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  • Dan Houghton

Notes on Hunting Season 9th December 2020

I remember hearing a song many years ago which I, in my juvenile innocence, assumed to concern two of the thickest people on the face of the earth. The essential plot was that a rather trigger happy young man by the name of Johnny, or perhaps Jimmy, was out looking for things to shoot at near dusk. Apparently he did not realise that as light levels decrease the human eye has difficulty discerning certain shapes and colours. It so happened that his girlfriend, Molly, or Polly, was also to be found in the woods that night and she still wrapped in her white apron, for some bizarre reason. Now white does stand out in the dark and our Johnny, thinking that something five feet plus tall, appearing to weigh roughly eight stone and that was abroad in the woods at twilight might be a swan, squeezed off a couple of rounds with grim and deadly accuracy, and dropped Molly like a bad habit.

The title of the song as I first heard it was Molly Vaughan and, never having seen it written, I had always assumed that Vaughan was a family name. Furthermore, having arrived at the conclusion that the song was an example of Darwinism in action I thought nothing more of it for the next twenty years. Certainly I became aware that there were other versions of this song from England, America, Canada and Australia, variously under the titles, Molly Vaughn, Polly Vaughan, Polly Bawn etc. but, again, I never paid them much heed. Then one day about a year ago I was looking at the back of an Alison Kraus album and actually saw the name printed as Molly Bawn (Bán).

Now this changed everything. I had been dimly aware that the song might have Irish connections but seeing it printed so blatantly with the Irish spelling ‘Bán’ withdrew any doubt. Bán, in Gaelic, means white and, thus, is an epithet, not a surname, as I had originally assumed. Since Molly and indeed Polly are feminine names a following adjective should, in Gaelic, be lenited making it Bhán which would be pronounced in manner almost identical to an Anglo-American pronunciation of Vaughan. This, at any rate, would explain the B/V multiplicity of titles. More than that, though, the content of the song now makes perfect sense as a metaphor. Bán, or white, is, at least, in most European cultures, a colour of purity and innocence and swans, notably in Gaelic mythology, are considered to be noble and pure birds (cf. the legend of The Fate of the Children of Lîr).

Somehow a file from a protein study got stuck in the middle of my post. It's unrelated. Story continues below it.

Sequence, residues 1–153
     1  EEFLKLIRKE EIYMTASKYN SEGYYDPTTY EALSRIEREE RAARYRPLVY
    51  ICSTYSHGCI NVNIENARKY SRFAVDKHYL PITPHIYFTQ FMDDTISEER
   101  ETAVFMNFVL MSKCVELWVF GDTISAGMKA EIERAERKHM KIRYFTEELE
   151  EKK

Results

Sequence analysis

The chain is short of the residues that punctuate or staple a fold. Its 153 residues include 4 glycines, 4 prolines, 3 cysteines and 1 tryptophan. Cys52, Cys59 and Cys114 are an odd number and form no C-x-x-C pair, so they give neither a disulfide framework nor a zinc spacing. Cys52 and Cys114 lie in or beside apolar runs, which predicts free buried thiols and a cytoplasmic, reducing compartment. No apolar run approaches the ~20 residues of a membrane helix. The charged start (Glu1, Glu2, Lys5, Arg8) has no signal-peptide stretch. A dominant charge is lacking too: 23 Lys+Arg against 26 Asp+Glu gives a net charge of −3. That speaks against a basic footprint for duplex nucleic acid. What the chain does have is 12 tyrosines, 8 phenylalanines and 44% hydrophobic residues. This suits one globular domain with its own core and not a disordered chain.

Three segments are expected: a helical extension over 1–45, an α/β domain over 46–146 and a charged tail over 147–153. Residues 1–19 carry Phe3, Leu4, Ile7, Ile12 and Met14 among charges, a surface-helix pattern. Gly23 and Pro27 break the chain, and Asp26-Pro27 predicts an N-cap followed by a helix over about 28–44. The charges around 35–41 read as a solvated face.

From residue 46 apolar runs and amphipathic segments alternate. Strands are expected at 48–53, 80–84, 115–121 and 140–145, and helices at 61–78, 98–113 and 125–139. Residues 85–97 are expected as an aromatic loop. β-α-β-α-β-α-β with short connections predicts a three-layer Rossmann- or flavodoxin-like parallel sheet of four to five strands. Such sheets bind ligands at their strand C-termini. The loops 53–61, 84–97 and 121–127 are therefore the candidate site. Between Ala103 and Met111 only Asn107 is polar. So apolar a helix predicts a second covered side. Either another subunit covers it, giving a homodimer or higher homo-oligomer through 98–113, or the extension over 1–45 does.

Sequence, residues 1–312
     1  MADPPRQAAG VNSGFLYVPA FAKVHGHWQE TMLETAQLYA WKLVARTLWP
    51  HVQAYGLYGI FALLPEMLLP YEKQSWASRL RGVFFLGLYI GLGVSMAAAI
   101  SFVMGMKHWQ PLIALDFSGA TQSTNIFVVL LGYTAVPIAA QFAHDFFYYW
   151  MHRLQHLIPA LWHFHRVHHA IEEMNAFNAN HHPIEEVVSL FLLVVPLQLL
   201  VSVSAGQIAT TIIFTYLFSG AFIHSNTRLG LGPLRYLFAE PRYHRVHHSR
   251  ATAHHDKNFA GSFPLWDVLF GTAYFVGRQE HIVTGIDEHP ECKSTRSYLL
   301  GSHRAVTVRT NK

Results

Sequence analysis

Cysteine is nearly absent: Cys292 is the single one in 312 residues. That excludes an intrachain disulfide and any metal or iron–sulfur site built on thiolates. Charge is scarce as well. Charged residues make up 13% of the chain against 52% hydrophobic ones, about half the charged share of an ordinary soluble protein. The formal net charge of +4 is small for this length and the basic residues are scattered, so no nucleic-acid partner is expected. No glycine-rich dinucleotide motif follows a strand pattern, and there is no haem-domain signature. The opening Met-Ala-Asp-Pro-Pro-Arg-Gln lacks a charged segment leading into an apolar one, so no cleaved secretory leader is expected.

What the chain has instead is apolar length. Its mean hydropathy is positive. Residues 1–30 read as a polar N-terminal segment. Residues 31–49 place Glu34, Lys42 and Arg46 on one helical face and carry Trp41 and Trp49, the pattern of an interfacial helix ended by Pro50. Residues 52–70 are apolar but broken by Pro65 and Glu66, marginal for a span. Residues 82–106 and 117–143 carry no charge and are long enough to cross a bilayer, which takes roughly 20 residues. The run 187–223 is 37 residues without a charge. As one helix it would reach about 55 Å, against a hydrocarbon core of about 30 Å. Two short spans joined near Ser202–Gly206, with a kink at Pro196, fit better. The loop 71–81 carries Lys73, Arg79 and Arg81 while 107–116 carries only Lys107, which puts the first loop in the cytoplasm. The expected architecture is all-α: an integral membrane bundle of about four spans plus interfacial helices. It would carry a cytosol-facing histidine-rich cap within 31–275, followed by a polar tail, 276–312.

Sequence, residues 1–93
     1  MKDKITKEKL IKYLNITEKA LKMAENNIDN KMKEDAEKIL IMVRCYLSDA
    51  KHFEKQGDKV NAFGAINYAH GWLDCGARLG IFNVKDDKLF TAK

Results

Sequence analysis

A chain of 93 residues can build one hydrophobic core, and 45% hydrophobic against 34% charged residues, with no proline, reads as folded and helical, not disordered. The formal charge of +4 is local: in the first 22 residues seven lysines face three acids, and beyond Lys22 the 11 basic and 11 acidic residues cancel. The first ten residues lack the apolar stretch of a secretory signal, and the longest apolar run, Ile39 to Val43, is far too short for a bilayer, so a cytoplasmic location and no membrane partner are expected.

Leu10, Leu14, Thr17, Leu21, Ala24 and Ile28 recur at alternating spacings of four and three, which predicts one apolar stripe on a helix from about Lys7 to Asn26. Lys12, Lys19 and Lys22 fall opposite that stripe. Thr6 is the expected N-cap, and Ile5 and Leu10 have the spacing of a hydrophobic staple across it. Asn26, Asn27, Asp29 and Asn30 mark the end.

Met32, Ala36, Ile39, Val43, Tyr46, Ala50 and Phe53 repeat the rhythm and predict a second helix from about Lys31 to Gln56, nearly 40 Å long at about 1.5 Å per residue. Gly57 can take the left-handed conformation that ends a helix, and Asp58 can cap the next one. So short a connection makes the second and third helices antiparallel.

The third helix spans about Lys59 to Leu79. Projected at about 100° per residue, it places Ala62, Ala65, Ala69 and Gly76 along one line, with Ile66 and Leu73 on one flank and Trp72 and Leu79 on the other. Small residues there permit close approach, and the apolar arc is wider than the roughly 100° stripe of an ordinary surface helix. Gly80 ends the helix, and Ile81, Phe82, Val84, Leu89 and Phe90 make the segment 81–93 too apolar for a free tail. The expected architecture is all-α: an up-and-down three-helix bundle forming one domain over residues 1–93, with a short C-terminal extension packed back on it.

For comparison and contrast, there is a very popular French and Quebecoise folk-song which uses virtually identical imagery to convey its message. It has various different refrains depending on version, but the relevant verses covey the same message:

Derière chez nous y’a’t un étang

Trois beaux canards s’y vont baignant

Le fils du Roi s’en va chassant

Avec son beau fusil d’argent

Visa le noir tua le blanc...

Behind our house there was a pond

Where on three ducks went swimming

The King’s son went hunting

With his beautiful silver rifle

He took aim at the black one but killed the white

There is more to this song and it becomes even more blatantly sexual, including a mention of actual reproduction, by the end. In these five verses, however, we have the same imagery if not exactly the same story as that of Molly Bhán save that in the French, we use ducks rather than swans. It would seem, based on the cultural references to purity, phallic symbols etc, that the shooting and killing of the white duck or swan is symbolic of taking a young woman’s virginity rather than an actual account of a comedically ridiculous hunting mishap. Our darling Molly was not killed in the stop–breathing–and–fall–over sense; it was, in fact, the innocence of her childhood that took the hit and no matter how consensual the act of loosing one’s virginity may be it is at the very least a rite of passage into “that undiscovered country from whose bourn no traveller returns…”, and not dissimilar to death. Young Jimmy, or Johnny or whatever, like the French King’s son, was, in his turn, not firing bullets from his ’beautiful silver rifle’, but rather rounds of something far more dangerous.

In the end it was most likely sneaky sex and not poaching that lured these two love birds out in the woods that fateful evening. They would certainly not be the first young couple to try it "duckie style" and were, evidently, not the last. Vive la race humaine!

Below are several different versions of the song:

Polly Vaughan

Now come all ye hunters who follow the gun